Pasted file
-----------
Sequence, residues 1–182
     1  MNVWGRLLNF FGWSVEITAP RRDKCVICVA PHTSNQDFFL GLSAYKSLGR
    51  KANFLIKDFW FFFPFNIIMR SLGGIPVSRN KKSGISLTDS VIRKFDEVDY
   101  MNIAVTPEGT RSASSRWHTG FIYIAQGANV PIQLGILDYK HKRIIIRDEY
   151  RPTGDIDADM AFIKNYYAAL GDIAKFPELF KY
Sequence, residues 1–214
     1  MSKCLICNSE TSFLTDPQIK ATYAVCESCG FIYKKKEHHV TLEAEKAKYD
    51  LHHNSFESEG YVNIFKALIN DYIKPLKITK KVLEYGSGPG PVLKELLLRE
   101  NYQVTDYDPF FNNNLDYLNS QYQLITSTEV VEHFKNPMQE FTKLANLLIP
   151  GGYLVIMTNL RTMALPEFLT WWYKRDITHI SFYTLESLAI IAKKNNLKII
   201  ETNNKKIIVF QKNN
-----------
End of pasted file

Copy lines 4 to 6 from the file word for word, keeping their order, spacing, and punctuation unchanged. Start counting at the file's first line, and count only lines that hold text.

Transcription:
   101  MNIAVTPEGT RSASSRWHTG FIYIAQGANV PIQLGILDYK HKRIIIRDEY
   151  RPTGDIDADM AFIKNYYAAL GDIAKFPELF KY
Sequence, residues 1–214